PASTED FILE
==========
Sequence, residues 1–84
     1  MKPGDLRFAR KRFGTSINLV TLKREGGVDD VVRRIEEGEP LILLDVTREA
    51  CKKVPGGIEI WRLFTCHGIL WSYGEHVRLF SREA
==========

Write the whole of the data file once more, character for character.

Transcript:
Sequence, residues 1–84
     1  MKPGDLRFAR KRFGTSINLV TLKREGGVDD VVRRIEEGEP LILLDVTREA
    51  CKKVPGGIEI WRLFTCHGIL WSYGEHVRLF SREA